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Working Paper No. 28Canons of Construction and the Elusive Quest for Neutral Reasoning ByJames J. Brudney and Corey Ditslear
Canons of Construction and the Elusive Quest for Neutral Reasoning
Federal statutes, like the lawmaking enterprise itself, are seldom models of efficiency.
Procedural complexities and practical constraints impose substantial pressure on legislators
seeking to enact new laws. This pressure may produce inadvertent drafting oversights,1 or it may
give rise to deliberate ambiguities around which a pro-enactment majority can form.2 Whether
through inevitable laxity or conscious choice, Congress leaves a fair number of gaps in the
meaning of its complex regulatory schemes. When filling those gaps with case-specific
interpretive responses, federal courts perform an important policymaking function.3
In recent years, such policymaking has generated increased concerns about the
politicization of the judiciary. Plausible legal contentions tendered in a courtroom often reflect
the ideological preferences of diverse interest groups.4 Scholars using social science techniques
have contributed to the image of courts as policymakers, by establishing that judges’ political
party affiliation and ideological orientation are at times significant predictors of voting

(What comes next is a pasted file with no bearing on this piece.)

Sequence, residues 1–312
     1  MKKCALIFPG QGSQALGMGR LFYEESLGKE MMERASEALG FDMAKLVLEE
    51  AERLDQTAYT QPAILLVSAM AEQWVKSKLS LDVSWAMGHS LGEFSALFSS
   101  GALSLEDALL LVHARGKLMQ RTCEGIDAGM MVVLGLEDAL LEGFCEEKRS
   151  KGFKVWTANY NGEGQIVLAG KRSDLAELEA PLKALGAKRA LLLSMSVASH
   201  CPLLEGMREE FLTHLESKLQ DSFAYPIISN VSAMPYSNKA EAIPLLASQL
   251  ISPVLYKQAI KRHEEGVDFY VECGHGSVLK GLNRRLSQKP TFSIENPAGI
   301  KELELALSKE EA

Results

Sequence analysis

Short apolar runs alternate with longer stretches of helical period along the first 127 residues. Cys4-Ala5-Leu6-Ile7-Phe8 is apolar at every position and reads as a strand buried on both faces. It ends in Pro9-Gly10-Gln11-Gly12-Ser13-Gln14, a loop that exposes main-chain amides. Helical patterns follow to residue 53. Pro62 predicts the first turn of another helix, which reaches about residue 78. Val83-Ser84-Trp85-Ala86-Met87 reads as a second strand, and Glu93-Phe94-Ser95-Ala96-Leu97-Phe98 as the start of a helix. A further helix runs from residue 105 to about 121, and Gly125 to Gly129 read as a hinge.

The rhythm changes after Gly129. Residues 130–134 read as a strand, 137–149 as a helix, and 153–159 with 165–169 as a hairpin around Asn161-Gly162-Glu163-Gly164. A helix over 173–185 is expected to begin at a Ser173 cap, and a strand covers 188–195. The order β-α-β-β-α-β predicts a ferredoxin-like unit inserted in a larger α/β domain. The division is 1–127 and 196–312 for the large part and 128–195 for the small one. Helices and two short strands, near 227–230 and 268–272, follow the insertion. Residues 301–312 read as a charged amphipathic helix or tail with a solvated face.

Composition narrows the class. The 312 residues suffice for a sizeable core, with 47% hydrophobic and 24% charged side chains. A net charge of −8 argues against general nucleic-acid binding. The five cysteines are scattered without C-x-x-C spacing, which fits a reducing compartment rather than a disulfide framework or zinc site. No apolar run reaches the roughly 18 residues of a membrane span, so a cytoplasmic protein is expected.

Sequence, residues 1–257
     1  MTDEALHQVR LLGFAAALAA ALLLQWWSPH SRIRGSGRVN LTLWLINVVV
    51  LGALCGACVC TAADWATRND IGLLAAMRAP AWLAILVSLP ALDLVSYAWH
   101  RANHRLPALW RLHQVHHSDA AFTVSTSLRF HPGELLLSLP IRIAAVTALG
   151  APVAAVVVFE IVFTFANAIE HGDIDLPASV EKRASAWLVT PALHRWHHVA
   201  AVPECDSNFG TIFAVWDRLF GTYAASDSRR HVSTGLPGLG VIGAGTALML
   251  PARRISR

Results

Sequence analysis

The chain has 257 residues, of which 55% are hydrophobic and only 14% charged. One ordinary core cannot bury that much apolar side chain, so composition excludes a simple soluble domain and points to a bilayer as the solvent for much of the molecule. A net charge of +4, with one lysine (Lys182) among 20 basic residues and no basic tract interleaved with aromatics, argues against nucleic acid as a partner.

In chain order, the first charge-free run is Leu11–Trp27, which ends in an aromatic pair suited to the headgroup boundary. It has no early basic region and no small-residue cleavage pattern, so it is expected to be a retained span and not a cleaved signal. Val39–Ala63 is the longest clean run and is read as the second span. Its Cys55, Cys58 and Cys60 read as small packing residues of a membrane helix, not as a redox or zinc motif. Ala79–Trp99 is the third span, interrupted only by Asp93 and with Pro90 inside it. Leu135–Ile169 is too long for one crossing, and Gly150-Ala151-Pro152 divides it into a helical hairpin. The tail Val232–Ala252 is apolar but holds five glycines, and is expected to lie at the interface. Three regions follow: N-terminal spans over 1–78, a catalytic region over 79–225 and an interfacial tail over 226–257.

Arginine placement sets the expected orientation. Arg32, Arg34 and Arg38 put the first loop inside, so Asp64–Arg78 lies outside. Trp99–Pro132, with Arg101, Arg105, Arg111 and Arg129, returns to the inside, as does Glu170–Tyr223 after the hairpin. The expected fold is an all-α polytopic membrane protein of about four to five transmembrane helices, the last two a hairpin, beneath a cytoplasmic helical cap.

1One recurrent example involves federal statutes that lack an explicit limitation period within which to initiate legal
action.See North Star Steel v. Thomas, 515 U.S. 29, 33 (1995) (referring to numerous specific statutes). While
there may be rare instances in which this decis ion is conscious and deliberate (see note 2 infra), it generally reflects
simply insufficient attention to detail.
2See, e.g., Landgraf v. USI Film Prod., 511 U.S. 244, 262-63 (1994) (concluding, based on review of legislative
history, that supporters of 1991 Civil Rights Act “agreed to disagree about whether and to what extent the Act would
apply to preenactment conduct”).See generally Miriam R. Jorgensen & Kenneth A. Shepsle, A Comment on the
Positive Canons Project, 57 LAW & CONTEMP. PROBS. 43, 44-45 (Winter 1994); Nicholas Quinn Rosenkranz,
Federal Rules of Statutory Interpretation, 115 HARV. L. REV. 2085, 2155 (2002).
3Congress also invites this gap-filling from executive branch agencies. See generally Edward Rubin, Dynamic
Statutory Interpretation in the Administrative State, www.bepress.com/ils/iss3/art.2 (2002).
4See, e.g., Lorillard Tobacco v. Reilly, 533 U.S. 525 (2001) (adjudicating tobacco industry’s right to engage in
certain forms of cigarette advertising); United States v. Microsoft Corp., 253 F. 3d 34 (D.C. Cir. 2001) (adjudicating
extent of government’s ability to regulate internet access).See generally John Ferejohn, Judicializing Politics,136 pgs.Alice Krengel mn - Google Search Address Error